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Land-sea ecological connectivity during a Jurassic warming event
Dipartimento di Scienze della Terra, Università degli Studi di Firenze, Florence, Italy.
Swedish Museum of Natural History, Department of Paleobiology.ORCID iD: 0000-0003-1766-3516
Swedish Museum of Natural History, Department of Paleobiology.ORCID iD: 0000-0003-2987-5559
Department of Earth Sciences, The Natural History Museum, London, SW7 5BD, UK.
2021 (English)In: Earth and Planetary Science Letters, ISSN 0012-821X, E-ISSN 1385-013X, p. 117290-117290, article id 117290Article in journal (Refereed) Published
Abstract [en]

Knowledge on how climate change affects land-sea ecological connectivity in deep time is scarce. To fill this knowledge gap we have assembled a unique dataset through a Jurassic (early Toarcian) warming event that includes quantitative abundance data from pollen and spores, organic-walled marine plankton and benthic macro-invertebrates, in association with geochemical data derived from the same sampled horizons, from the Cleveland Basin, UK. Using this dataset we: (i) reconstruct the timing of degradation and recovery of land-plants, marine primary producers and benthic fauna in response to this event, and (ii) test for connectivity between changes in land and marine ecosystems. We find a discrepancy between the timing of the response of land-plant and marine ecosystems to the event. Land-plants were the first to be affected by initial warming, but also recovered relatively quickly after the peak of warmth to return to pre-event levels of richness and diversity. Plankton and benthic fauna instead experienced a delayed response to initial warming, but as warming peaked, they suffered a rapid and extreme turnover. Recovery in the shelf sea was also delayed (particularly for the benthos) compared to the vegetation. Ecological connectivity analyses show a strong link between changes in terrestrial and marine ecosystems. The loss of large trees on land contributed to changes in marine plankton, from dinoflagellate- to prasinophyte algal-dominated communities, by enhancing erosion, runoff and nutrient-supply into shallow seas. Eutrophication and changes in primary productivity contributed to the decrease of dissolved oxygen in the water column and in bottom waters, which in turn affected benthic communities. Such cause-effect mechanisms observed in the Cleveland Basin are likely to have occurred in other basins of the Boreal Realm, and in part also in basins of the Sub-Boreal and Tethyan realms. Although palaeolatitudinal and palaeoceanographic gradients may have controlled local and regional changes in land-plants and marine ecosystems during the Early Jurassic, the main climatic and environmental changes linked to rapid global warming, enhanced weathering and high primary productivity, are shared among all the examined realms.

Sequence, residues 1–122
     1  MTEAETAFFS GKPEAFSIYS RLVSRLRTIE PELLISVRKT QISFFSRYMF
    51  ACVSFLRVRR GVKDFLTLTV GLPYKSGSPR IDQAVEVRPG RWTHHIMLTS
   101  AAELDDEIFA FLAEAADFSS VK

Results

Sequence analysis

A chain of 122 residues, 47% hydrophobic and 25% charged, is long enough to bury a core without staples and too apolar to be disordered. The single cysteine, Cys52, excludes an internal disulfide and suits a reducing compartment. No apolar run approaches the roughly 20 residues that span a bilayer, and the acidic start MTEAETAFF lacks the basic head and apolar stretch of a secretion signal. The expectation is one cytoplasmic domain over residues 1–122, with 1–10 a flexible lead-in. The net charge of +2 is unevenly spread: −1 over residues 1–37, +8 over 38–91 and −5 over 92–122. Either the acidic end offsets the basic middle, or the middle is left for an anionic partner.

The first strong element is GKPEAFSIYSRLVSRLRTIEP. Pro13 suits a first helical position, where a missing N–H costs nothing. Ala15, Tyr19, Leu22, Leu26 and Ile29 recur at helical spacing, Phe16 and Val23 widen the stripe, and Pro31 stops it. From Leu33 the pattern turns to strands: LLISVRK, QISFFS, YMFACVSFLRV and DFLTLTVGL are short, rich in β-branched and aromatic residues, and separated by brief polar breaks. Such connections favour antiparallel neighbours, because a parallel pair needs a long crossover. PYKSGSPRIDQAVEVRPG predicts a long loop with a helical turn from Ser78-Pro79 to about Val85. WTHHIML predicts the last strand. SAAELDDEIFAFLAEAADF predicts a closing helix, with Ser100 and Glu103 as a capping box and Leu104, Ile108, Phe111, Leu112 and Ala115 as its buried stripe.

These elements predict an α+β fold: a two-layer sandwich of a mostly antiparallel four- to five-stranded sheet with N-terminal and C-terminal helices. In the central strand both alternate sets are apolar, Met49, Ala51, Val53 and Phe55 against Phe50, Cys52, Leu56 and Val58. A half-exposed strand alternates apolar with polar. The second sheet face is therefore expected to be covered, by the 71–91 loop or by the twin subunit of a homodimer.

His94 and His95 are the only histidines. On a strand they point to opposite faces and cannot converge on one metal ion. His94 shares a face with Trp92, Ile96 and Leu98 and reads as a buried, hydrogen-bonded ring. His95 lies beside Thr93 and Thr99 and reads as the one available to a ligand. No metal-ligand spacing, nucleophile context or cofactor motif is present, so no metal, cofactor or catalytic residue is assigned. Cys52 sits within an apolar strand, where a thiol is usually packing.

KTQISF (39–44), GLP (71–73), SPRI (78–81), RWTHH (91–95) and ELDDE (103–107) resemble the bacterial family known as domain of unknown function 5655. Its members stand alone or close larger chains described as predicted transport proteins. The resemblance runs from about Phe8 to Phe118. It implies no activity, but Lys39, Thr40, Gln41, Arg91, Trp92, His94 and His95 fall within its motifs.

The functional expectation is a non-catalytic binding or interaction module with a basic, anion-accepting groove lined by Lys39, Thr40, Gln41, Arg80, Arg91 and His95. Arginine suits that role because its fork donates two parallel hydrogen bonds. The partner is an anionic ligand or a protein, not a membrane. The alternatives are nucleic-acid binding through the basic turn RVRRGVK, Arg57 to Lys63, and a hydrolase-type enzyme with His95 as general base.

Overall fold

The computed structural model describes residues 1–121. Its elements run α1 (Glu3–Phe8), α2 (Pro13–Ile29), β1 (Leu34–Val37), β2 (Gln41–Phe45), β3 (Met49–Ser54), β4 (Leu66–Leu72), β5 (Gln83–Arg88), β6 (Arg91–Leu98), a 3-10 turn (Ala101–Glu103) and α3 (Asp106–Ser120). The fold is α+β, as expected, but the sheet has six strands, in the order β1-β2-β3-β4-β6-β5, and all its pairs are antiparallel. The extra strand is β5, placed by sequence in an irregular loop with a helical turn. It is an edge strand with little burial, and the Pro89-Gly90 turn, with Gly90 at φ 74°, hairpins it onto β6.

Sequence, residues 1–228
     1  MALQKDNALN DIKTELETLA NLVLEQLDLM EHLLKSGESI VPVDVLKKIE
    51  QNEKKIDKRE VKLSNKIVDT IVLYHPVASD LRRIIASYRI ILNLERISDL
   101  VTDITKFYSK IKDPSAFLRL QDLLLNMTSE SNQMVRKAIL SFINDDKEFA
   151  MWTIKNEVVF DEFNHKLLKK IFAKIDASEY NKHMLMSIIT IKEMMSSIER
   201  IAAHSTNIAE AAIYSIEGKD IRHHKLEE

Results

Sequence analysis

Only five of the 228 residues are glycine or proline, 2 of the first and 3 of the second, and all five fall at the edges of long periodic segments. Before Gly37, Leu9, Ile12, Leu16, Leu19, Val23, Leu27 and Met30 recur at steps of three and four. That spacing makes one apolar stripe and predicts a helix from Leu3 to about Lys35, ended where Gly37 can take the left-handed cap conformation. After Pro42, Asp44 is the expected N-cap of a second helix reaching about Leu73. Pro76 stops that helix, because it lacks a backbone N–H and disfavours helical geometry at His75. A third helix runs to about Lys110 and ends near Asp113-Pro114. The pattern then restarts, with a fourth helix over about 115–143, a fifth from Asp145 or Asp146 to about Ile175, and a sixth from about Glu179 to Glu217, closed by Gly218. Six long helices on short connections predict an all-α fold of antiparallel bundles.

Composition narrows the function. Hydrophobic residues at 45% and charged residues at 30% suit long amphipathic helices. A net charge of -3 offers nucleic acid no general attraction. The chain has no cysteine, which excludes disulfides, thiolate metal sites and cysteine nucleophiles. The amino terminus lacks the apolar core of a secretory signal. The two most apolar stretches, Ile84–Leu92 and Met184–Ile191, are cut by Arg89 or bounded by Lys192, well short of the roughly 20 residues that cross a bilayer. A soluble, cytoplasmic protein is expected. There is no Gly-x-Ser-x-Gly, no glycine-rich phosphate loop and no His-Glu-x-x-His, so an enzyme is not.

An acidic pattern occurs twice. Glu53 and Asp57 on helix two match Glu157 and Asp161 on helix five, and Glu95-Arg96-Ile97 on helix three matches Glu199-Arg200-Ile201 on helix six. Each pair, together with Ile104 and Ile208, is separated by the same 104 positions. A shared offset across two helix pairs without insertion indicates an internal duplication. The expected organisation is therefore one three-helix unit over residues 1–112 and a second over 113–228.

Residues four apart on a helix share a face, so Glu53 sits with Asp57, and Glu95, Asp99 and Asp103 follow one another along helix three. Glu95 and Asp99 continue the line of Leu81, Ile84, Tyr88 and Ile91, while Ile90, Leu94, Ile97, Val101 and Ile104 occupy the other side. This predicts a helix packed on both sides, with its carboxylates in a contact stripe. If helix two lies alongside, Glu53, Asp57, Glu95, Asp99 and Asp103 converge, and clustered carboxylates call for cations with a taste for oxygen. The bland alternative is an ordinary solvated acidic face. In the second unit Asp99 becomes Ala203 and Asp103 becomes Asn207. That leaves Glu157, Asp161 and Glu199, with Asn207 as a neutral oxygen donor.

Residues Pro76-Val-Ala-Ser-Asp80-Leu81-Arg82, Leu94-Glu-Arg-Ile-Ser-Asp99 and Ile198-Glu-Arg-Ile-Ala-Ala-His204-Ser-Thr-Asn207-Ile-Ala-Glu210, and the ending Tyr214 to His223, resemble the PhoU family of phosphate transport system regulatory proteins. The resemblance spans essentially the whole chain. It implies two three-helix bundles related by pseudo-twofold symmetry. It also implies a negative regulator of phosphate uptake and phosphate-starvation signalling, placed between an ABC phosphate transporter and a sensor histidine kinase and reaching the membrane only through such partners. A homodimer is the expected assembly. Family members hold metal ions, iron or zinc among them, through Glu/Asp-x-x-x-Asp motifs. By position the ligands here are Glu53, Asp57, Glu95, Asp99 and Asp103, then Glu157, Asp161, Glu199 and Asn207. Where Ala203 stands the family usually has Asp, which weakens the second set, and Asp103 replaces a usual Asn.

Place, publisher, year, edition, pages
Amsterdam: Elsevier, 2021. p. 117290-117290, article id 117290
Keywords [en]
global warming, Toarcian, extinction, pollen and spores, phytoplankton, benthos
National Category
Earth and Related Environmental Sciences
Research subject
The changing Earth
Identifiers
URN: urn:nbn:se:nrm:diva-4402DOI: 10.1016/j.epsl.2021.117290OAI: oai:DiVA.org:nrm-4402DiVA, id: diva2:1616828
Funder
NERC - the Natural Environment Research Council, NE/I005641/1Swedish Research Council, NE/I005641/1Swedish Research Council, 2019-04061
Note

This research was funded by a Swedish Research Council grant to S.M.S. [grant no. 2019-04524] and to V.V. [grant no. 2019-04061], and a Natural Environment Research Council (NERC) grant to R.J.T. [grant no. NE/I005641/1].

Available from: 2021-12-04 Created: 2021-12-04 Last updated: 2023-01-10Bibliographically approved

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Publisher's full texthttps://www.sciencedirect.com/science/article/pii/S0012821X2100546X

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